Ed Barron's comments about a change in administration personnel is a poor argument to base his vote on. First, Carol Schwartz has years of experience. She is probably the best positioned of all her Council colleagues to know who the good appointees are and who the bad ones are. Second, all the appointees serve at the pleasure of the mayor. They also know that the mayor can fire them at any time with little cause. They know what happens when the Office of the Mayor changes hands. These are all part of the job; if they desired job security they wouldn't have accepted an appointment in the first place. Furthermore, I can assure you that any "friends" a Mayor Schwartz would appoint would not only be fully qualified but also share her philosophy on issues such as corruption. They will also be people who have been in the trenches with her over the years and will have ample political experience and skill necessary to run our city effectively.

Mayor Williams has, on the other hand, made huge mistakes. The fundraising scandal, the petition scandal, the appointment of people who falsified their applications (and the lack of a process to verify those applications). Now our Financial Wizard has drug us back into an age of budget shortfalls and created a top-heavy government. Furthermore, he has made poor political decisions; do you think that a white Republican mayor would have had the audacity or political will to close DC General? There would have been blood in the streets.

You can bet that the eleven Democrats on the Council would not have let these scandals slide if Carol were mayor. While they are nice to her face, year after year they have endorsed her mayoral opponents because of their party affiliation. This seems silly in a city where Democrats outnumber the next party 11:1, but this year will undoubtedly be the same. They will endorse corruption, scandals, and inefficiency, but we shouldn't listen to them. We need Carol. We need her to ferret out corruption, we need a new perspective; and we need the fresh blood she will bring to the Office of the Mayor.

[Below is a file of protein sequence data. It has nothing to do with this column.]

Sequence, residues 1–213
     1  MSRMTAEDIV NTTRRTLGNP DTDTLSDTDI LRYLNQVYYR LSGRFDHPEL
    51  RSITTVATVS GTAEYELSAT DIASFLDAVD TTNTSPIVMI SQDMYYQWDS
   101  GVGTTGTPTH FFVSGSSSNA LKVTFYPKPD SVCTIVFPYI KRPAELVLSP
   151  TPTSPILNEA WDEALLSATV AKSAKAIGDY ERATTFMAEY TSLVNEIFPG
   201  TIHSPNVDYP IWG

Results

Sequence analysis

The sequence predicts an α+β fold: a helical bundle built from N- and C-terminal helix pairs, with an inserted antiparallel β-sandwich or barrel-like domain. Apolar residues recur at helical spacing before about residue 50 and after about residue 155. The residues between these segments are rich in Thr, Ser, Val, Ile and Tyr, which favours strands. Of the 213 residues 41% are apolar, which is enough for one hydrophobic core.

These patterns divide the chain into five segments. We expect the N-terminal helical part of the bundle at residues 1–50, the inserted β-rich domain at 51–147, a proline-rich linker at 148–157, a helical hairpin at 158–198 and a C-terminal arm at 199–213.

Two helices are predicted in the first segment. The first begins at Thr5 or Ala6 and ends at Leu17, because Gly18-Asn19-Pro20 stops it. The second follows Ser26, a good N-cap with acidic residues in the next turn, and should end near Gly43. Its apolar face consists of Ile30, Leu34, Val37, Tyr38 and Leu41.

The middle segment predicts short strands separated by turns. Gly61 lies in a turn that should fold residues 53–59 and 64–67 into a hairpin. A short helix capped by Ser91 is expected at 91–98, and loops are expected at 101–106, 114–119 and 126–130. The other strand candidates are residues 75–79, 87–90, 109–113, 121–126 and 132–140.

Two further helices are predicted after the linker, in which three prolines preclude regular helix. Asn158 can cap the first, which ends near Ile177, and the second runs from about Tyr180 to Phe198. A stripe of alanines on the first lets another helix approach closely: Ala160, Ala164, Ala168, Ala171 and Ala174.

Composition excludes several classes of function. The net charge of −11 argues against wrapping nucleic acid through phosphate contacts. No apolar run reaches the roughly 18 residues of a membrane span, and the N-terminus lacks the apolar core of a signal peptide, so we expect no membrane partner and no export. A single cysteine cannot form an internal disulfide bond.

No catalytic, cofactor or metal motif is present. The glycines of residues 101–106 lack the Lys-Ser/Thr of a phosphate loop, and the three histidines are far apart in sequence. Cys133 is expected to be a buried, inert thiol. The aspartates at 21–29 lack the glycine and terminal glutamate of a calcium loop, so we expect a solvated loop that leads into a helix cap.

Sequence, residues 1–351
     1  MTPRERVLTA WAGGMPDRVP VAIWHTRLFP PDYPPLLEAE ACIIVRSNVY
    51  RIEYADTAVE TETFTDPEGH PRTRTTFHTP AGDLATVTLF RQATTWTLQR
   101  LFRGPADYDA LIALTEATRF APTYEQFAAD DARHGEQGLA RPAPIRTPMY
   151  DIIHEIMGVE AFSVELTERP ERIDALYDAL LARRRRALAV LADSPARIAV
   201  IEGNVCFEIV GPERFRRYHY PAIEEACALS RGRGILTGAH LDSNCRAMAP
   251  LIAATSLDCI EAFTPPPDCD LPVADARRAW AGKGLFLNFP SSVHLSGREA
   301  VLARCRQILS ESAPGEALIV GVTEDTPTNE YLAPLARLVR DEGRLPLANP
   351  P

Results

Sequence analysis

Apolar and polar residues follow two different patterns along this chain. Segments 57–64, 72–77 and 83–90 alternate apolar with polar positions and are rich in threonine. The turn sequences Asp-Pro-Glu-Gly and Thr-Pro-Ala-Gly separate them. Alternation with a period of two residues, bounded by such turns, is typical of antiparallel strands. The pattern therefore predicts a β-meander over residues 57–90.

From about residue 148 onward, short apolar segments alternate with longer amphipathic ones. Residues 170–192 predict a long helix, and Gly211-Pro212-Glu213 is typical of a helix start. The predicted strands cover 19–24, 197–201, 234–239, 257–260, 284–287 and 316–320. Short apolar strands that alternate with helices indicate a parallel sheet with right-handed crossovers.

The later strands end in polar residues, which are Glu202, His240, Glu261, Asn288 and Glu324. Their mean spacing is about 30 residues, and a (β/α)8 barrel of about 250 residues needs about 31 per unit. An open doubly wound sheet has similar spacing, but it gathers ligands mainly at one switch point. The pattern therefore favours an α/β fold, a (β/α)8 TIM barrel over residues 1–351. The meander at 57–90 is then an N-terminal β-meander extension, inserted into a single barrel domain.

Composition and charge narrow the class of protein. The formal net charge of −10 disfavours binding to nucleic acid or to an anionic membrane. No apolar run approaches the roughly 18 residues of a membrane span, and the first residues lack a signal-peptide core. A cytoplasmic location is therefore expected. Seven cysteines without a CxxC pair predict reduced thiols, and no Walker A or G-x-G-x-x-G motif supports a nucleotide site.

Undecided No More
Ed T. Barron, edtb@aoldotcom

Carol Schwartz is an experienced proactive leader. Tony Williams is a reactive follower. Carol Schwartz is a politically savvy, make things happen person, Tony Williams is totally naive, politically. Carol Schwartz, because of her late entry into the mayoral race and minuscule campaign funds, will not likely win enough votes next Tuesday to win. But she will likely get a sizable total of votes. One of them will be mine.


Coalition Endorses Candidates
Laurie Collins,

The Coalition to Repair and Reopen Klingle Road endorses the following candidates in the upcoming General Election. Mayor, Carol Schwartz; Council Chair, Linda Cropp; At-Large Councilmembers, David Catania and Eugene Kinlow; Ward 1, Jim Graham; Ward 3, Eric Rojo; Ward 5, Vincent Orange; DC Delegate, Eleanor Holmes Norton; Shadow Representative, Ray Browne.